WordPress 5.6 Simone

In case you missed it, WordPress 5.6 “Simone” was released yesterday. It brings much new stuff including a brand-new default theme Twenty Twenty-One, greater layout flexibility and more block patterns.

Check out the new features and improvements as announced on the official WordPress blog:

Greater Layout Flexibility

Bring your stories to life with more tools that let you edit your layout with or without code. Single column blocks, designs using mixed widths and columns, full-width headers, and gradients in your cover block—make small changes or big statements with equal ease!

More Block Patterns

In some themes, preconfigured block patterns make setting up standard pages on your site a breeze. Find the power of patterns to streamline your workflow, or share some of that power with your clients and save yourself a few clicks.

Better Video Captioning

To help you add subtitles or captions to your videos, you can now upload them within your post or page. This makes it easier than ever to make your videos accessible for anyone who needs or prefers to use subtitles.

WordPress 5.6 Improvements For The Public:

Expanding Auto-Updates

For years, only developers have been able to update WordPress automatically. But now, you have that option, right in your dashboard. If this is your first site, you have auto-updates ready to go, right now! Upgrading an existing site? No problem! Everything is the same as it was before.

Accessibility Statement

Even if you’re not an expert, you can start letting others know about your site’s commitment to accessibility! The new feature plugin includes template copy for you to edit and publish, and it’s written to support different contexts and jurisdictions.

Built-in Patterns

If you’ve not had the chance to play with block patterns yet, all default themes now feature a range of block patterns that let you master complex layouts with minimal effort. Customize the patterns to your liking with the copy, images, and colors that fit your story or brand.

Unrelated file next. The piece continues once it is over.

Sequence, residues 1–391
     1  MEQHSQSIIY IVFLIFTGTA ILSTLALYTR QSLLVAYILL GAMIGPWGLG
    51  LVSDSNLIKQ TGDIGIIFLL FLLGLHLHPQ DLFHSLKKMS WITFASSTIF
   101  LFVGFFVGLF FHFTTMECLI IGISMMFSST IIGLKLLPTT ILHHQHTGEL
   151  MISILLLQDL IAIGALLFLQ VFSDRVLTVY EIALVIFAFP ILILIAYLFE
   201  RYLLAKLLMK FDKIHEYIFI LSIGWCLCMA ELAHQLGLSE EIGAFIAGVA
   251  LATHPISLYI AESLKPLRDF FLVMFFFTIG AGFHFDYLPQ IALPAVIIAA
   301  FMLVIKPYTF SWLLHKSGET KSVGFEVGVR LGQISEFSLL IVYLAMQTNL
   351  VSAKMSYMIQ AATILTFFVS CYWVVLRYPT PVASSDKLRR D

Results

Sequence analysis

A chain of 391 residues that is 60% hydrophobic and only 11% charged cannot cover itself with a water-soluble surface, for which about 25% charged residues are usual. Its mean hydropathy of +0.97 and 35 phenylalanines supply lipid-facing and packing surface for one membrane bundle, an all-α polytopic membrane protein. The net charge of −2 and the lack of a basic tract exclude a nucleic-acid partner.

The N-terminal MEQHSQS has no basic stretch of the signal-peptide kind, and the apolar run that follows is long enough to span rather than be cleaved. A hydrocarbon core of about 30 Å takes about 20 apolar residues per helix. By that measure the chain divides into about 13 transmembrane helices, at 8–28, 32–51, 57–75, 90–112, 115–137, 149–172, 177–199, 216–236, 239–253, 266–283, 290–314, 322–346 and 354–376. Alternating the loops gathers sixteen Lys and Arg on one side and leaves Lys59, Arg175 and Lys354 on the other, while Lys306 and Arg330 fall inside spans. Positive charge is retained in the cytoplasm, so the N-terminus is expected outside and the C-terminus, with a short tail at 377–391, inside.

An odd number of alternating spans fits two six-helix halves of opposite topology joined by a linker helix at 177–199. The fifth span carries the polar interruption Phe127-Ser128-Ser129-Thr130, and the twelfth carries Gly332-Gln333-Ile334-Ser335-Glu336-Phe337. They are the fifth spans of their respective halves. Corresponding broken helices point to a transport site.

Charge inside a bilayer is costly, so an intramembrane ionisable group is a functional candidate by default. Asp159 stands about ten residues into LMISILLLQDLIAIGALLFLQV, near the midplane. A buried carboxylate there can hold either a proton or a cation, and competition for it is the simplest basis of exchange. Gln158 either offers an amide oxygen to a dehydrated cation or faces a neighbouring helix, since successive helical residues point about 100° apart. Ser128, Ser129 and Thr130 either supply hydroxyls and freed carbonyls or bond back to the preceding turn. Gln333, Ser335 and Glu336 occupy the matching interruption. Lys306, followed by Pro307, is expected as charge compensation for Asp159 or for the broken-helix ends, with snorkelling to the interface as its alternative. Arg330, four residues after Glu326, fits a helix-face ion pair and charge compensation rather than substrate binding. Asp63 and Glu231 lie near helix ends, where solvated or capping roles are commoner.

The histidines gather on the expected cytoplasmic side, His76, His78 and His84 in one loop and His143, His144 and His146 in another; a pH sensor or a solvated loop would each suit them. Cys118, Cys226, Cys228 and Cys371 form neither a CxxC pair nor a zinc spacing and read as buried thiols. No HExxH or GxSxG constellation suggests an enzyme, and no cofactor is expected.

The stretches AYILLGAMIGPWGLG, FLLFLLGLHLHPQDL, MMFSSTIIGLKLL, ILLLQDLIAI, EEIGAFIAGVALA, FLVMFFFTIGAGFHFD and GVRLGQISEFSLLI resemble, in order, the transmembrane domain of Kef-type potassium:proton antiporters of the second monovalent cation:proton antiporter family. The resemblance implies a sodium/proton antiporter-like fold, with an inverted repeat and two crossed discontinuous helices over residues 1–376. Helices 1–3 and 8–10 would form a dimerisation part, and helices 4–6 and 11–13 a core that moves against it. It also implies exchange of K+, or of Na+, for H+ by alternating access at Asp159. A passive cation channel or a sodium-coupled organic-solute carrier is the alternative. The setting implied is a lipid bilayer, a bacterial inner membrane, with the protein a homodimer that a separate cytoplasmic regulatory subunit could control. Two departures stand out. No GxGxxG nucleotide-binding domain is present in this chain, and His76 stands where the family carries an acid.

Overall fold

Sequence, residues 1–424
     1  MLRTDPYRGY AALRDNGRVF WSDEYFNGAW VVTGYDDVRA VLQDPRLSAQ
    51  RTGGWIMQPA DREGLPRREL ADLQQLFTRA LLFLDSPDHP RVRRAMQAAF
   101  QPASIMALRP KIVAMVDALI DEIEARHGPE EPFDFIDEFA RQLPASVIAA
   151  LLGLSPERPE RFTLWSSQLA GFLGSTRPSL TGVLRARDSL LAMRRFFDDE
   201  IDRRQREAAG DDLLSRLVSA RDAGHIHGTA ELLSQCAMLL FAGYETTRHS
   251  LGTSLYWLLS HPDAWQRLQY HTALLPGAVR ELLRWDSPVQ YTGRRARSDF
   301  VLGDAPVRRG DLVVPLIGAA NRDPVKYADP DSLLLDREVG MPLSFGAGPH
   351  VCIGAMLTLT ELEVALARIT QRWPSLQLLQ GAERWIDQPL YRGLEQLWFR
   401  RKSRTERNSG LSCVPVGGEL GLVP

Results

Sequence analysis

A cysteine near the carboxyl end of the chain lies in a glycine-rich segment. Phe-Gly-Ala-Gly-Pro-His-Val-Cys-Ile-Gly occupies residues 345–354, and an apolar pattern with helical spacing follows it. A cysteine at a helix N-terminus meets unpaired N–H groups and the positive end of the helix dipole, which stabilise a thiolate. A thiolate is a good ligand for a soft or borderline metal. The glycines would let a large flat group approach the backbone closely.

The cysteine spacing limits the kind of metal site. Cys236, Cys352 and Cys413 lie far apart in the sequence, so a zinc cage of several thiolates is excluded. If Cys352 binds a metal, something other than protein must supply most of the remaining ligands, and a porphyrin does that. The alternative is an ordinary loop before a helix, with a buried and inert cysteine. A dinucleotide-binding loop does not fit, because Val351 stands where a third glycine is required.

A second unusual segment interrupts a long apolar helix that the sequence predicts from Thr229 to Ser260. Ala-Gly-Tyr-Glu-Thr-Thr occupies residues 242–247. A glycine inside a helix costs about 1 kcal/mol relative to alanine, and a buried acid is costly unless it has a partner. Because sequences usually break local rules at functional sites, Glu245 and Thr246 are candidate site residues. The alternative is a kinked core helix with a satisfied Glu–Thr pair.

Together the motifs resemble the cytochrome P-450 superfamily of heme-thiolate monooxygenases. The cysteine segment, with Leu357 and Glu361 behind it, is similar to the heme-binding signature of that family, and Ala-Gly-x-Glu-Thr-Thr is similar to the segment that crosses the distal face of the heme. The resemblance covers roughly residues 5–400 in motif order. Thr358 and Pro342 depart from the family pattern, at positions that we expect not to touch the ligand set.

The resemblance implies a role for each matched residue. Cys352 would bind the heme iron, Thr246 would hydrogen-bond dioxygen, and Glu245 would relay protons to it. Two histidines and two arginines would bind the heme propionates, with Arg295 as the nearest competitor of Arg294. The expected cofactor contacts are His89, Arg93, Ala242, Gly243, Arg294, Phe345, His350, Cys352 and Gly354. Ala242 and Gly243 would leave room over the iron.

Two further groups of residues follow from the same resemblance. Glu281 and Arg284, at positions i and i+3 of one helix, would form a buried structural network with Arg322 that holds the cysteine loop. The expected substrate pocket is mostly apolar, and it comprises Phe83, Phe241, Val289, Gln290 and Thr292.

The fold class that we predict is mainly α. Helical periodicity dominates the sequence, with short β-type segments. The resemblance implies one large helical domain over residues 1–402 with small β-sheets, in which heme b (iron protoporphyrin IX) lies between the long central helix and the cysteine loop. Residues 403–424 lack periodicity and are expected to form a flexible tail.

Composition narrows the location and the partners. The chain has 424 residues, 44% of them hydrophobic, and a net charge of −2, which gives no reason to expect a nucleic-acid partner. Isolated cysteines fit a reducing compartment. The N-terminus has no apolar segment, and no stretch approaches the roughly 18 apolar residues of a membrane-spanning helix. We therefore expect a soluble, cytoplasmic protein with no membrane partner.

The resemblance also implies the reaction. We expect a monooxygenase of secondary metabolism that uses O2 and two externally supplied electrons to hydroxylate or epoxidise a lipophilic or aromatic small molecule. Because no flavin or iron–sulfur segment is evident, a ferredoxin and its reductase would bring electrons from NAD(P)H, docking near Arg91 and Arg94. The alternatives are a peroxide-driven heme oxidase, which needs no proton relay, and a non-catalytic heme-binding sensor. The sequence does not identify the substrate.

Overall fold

WordPress 5.6 Improvements For Developers:

REST API authentication with Application Passwords

Thanks to the API’s new Application Passwords authorization feature, third-party apps can connect to your site seamlessly and securely. This new REST API feature lets you see what apps are connecting to your site and control what they do.

More PHP 8 Support

5.6 marks the first steps toward WordPress Core support for PHP 8. Now is a great time to start planning how your WordPress products, services, and sites can support the latest PHP version. For more information about what to expect next, visit the Field Guide.

jQuery Update

Updates to jQuery in WordPress take place across three releases 5.5, 5.6, and 5.7. As we reach the mid-point of this process, run the update test plugin to check your sites for errors ahead of time.

I wasn’t able to update my WordPress installation here on JaypeeOnline yesterday because I first had to test WordPress 5.6 on my staging site. This is to make sure that there are no compatibility issues with my theme and/or plugins I have installed that can break the site.

I’m glad that my site didn’t have any conflicts or compatibility issues so I was able to upgrade to WordPress 5.6. I strongly recommend to any self-hosted WordPress user to make use of a sandbox or staging site that is the exact duplicate of your live website and use that to test new WordPress releases as well as theme or plugin updates. It will save you time and avoid any headaches or stress.

Regarding the jQuery update, in case you come across or discover any issues on your site like image sliders not working, the layout is messed up, missing items, etc., make sure you install the jQuery Migrate plugin.

Anybody else upgraded their installation to WordPress 5.6? Did you install the update on your live site or using a sandbox/staging site? Did you encounter any issues with your theme or plugins? What new feature or improvement do you like best? Please share your thoughts by leaving a comment below.

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Owner and editor of JaypeeOnline. Self-proclaimed geek. New media writer and consultant. WordPress advocate. Loves blogging, gadgets, video games and sports. You can follow him on Facebook or Twitter.

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